I met Gordon Brown this week for the first time since he was Prime Minister. He is in many ways Britain’s Richard Nixon. Both clever men with a passion for what politics can achieve. Each had a towering achievement. Nixon’s was the breakthrough between the United States and Red China. Brown’s was keeping our cash machines open in October 2008 and leading the world as it reeled from the collapse of Lehman Brothers. But both men’s periods in office ended disastrously partly because they saw enemies around every corner, enemies that had to be crushed.

For the last four years Brown has largely disappeared from front line politics. He has a role with the United Nations but is rarely seen at Westminster. Indeed in a speech this week to Commons correspondents he made a joke of it. He spoke of needing a tour guide and taking the new members induction course. Dangerous stuff, many think he should have left the Commons on ceasing to be Prime Minister as Tony Blair did.

But as one reporter observed, little has changed since Brown’s time in No 10. We still have senior Cabinet Ministers at each others throats and special advisers resigning.

Brown was anxious to point out that he wasn’t seeking to return to the limelight except to be “a foot soldier” in the campaign against Scottish independence.

There has been speculation as to why Brown has, so far, kept a low profile in the debate. Perhaps it was because the Better Together campaign is headed by Alistair Darling who faced the “forces of Hell” when as Brown’s Chancellor he accurately forecast the coming economic meltdown in the summer of 2008.

We will see whether Brown the foot soldier can keep from standing on people’s toes in the coming weeks. His suggestion that the Prime Minister should debate with Alex Salmond has not gone down well. The role of the Conservative Party in the “No” campaign is really tricky. Better Together fear that as the prospect of the Tories being the largest party after the 2015 General Election rises, so does support for independence. So David Cameron has the dilemma of wanting to put his Prime Ministerial authority behind keeping the UK united without helping Salmond to claim that Scotland keeps getting governments it doesn’t vote for.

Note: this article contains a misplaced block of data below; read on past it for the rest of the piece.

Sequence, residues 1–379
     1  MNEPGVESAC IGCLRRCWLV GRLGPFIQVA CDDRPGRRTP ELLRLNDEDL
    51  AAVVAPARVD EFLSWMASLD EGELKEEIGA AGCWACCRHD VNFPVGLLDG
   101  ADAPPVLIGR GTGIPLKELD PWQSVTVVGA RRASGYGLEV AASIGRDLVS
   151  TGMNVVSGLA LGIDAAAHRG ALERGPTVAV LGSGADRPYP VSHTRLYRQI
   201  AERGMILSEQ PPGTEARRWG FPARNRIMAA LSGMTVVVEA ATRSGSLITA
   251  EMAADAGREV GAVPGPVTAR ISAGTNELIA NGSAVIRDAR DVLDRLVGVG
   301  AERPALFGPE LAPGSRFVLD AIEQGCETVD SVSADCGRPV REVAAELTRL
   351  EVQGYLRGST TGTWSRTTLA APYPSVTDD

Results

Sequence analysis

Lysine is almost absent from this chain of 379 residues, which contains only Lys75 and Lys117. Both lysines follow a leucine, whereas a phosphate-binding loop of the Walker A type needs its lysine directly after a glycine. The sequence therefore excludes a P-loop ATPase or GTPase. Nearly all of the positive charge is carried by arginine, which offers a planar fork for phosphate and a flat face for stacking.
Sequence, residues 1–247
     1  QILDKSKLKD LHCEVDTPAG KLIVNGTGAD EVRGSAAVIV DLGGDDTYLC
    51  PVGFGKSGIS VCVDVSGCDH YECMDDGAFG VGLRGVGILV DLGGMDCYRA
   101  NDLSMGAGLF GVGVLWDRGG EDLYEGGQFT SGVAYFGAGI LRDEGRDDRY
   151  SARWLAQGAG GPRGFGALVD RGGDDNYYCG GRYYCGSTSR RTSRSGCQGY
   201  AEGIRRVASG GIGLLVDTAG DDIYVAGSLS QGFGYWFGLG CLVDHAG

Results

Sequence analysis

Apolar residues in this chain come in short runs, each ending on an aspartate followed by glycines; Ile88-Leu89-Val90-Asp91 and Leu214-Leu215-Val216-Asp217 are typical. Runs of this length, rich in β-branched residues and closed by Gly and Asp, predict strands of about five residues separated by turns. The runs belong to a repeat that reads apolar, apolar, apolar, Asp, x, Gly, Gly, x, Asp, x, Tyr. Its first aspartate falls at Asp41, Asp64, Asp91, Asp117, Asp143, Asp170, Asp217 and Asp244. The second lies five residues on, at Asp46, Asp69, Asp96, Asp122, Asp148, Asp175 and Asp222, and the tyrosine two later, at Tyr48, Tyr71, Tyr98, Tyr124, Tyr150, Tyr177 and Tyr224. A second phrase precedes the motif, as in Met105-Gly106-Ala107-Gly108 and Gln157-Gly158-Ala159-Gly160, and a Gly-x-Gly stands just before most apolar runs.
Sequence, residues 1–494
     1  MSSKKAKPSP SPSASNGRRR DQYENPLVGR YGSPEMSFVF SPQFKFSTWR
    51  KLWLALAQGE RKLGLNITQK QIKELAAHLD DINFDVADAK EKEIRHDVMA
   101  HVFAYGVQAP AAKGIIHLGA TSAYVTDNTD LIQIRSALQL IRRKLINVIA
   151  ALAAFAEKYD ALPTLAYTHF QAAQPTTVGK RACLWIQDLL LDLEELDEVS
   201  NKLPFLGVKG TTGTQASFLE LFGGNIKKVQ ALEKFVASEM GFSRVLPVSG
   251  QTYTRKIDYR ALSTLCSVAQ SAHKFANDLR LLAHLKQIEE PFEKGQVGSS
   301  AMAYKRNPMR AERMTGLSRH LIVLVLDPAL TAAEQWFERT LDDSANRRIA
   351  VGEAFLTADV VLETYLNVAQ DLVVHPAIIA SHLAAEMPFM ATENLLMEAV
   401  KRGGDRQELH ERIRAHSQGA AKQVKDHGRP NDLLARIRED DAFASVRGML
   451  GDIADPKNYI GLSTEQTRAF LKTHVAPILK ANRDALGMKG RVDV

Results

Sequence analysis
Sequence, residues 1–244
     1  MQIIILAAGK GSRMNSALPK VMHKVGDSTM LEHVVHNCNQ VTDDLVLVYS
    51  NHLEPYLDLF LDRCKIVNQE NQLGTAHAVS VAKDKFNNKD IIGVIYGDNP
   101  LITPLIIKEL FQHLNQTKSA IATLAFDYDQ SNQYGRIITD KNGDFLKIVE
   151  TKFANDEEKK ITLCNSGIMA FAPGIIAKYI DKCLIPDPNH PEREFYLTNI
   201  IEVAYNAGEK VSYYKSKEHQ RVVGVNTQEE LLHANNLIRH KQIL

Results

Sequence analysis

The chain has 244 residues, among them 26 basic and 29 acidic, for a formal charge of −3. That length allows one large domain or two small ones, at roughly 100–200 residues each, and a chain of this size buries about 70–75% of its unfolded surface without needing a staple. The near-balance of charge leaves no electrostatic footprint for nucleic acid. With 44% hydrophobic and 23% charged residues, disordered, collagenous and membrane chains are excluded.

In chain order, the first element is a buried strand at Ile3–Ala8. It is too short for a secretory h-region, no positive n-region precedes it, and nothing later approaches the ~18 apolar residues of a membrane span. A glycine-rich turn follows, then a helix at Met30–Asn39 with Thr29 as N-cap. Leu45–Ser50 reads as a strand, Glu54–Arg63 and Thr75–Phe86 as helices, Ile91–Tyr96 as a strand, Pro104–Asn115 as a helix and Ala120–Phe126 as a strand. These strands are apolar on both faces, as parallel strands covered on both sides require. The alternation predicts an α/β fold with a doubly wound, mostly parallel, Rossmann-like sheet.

Brown is clearly unimpressed with the Better Together campaign’s tactics so far. He says they need to avoid it becoming a British politicians v Scotland issue. Scottish identity is not at issue, nor is the existence of the Scottish Parliament with more devolution on the way. All that has been granted. What this is about is severing all links with the UK.

Despite the latest polls showing 58% support for “No” against 42% Yes, Brown fears that if we don’t wake up, Scottish independence could still happen.

Gordon Brown was always more sympathetic to Northern devolution than Tony Blair. That enthusiasm has not diminished. He warned this week that there could be more constitutional turmoil, even if Scotland rejects independence, unless English regions are given more power. He regretted that the Coalition had not taken the opportunity to address these issues as well as Scottish independence.

I wonder why that choice was made by David Cameron. It was because the Scots, and the Welsh, get their act together and demand devolution.

That’s what we need to do starting at Downtown’s Northern Revolution conference next month.